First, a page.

The Temple in the Sky
Wat Saket, the temple of the Golden Mount looms high in the early morning light. Barely eight am and the heat has not quite taken hold. Arriving early is more about climbing the 344 steps in the relative cool of the morning than beating the crowds – this is one of the lesser visited of Bangkok’s many wonders possibly because it is only accessible by taxi.
With so many temples and palaces within short River Boat rides from each other, a journey on the busy roads to the Golden Mount may not seem worth the effort. But if you seek a little peace - an intangible something that is so often lost in the tourist jostle - this is the place.
Wide, red-painted shallow steps wind around the Mount. Plants and creepers twist above or cling to the rock in green profusion and shadow the start of the journey. A plethora of friendly statues, some half-hidden among the plant-life others placed on the low rock wall beside the steps to amuse. Here the three wise monkeys, there a turtle, now a pair of cranes. Made from mottled bronze or stone they have a neglected, garden-ornament air about them - all the better to set off those of Lord Buddha in shimmering gold.
When the way flattens and opens into the daylight, there is a view of the city and beside the sloping wall of the Mount, bells hang. Their different sizes give each a distinct sound when the faithful ring them as they pass.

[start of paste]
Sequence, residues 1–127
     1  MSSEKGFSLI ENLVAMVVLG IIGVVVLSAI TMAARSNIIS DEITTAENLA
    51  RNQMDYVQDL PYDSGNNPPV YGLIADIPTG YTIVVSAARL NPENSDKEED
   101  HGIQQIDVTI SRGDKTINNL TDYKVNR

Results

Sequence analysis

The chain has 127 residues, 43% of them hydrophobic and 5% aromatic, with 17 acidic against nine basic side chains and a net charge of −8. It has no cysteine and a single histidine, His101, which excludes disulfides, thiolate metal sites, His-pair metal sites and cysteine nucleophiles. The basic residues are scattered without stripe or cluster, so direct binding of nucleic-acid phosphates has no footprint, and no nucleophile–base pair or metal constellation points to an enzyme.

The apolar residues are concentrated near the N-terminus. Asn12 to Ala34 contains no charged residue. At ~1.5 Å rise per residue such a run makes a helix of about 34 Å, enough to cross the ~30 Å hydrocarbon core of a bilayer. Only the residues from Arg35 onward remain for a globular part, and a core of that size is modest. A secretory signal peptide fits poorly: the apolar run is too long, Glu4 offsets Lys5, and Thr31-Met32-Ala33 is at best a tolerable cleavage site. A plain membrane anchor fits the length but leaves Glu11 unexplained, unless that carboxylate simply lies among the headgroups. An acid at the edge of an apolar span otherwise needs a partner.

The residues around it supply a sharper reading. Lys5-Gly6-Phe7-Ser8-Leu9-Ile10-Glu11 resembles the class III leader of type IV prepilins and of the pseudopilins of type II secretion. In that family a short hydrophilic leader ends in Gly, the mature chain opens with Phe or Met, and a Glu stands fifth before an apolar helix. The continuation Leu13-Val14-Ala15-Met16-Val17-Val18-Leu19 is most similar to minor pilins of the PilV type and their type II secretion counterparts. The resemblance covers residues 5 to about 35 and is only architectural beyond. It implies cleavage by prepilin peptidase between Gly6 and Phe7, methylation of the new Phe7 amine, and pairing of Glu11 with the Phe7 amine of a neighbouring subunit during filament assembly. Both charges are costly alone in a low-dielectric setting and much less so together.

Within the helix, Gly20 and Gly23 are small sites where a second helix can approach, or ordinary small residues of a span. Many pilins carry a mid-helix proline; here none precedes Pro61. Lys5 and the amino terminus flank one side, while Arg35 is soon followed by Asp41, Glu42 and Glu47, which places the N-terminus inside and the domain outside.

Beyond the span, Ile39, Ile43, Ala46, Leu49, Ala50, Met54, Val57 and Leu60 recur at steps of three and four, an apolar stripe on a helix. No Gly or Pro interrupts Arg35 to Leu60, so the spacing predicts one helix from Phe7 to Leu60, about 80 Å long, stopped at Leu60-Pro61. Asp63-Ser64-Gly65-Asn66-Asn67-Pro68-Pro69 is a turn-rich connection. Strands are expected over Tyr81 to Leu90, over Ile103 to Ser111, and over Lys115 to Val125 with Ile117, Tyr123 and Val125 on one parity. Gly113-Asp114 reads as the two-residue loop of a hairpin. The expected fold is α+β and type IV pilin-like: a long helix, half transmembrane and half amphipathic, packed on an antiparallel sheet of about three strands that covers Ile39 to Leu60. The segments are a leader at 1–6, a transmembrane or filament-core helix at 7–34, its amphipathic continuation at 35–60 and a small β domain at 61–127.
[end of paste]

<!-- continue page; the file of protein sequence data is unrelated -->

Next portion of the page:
Past the ancient bells the red steps begin again and curve ever upward. Already the day is getting hot and the climb is being felt by all but the young and fit. For good reason this is often called the Temple in the Sky. The city is shrinking below and every stop to ring bells or sound gongs is as welcome as the occasional wisp of breeze.
The top is reached after a slow, twenty minute climb. Here a large room with (glassless) windows that tinkle with small bells. Buddha and other religious artefacts sit on a plinth – before them on a carpet people kneel and quietly pray. Past this, within an alcove is another Buddha. This one shimmers with gold-leaf and is directly beneath the stupa above.
A narrow staircase leads onto the roof where the golden stupa shines in the sun. Enshrined within are Buddha relics from India. In front is a table where people are placing offerings. Food, flowers, money and neatly folded bolts of material – these to robe the monks here.
Look out across the flat cityscape and it is easy to appreciate why King Rama 111 wanted to create a huge hill on which to put a stupa. His attempt failed because of the soft ground – King Rama 1V began rebuilding and this was completed in the early reign of his son King Rama V ( C1870 ). Once this was the highest building in Bangkok but even in the modern city it still has impact.
The rooftop provides an uninterrupted panorama of Bangkok. Directly below the red rooves of the temple complex and the old city give way to the grey and modern.
Possibly because there are more locals than tourists, there is a feeling of true peace. Speakers bring the chanting of the monks from their temple. Small bells held by a large statue in front of the stupa tinkle lightly and the deep notes from the big bells clanged by other pilgrims as they make their climb toward the heavens fill the warm air.
Wat Saket as it is not near any public transport. Take a taxi. Make it very clear where you want to go and make sure the taxi has a meter on. If the taxi does not have a meter, wait for another.
As with all temples dress modestly. For men knee-length, smart shorts or cotton trousers and a short sleeved shirt. No flip flops.
Women; sleeved dress below the knee or cotton trousers and shirt. No flip flops.
To visit the temple and climb the mount is free but there is a cost of 10 Baht (26p) to go on the roof top where the stupa is. Buy the ticket before you climb the steps!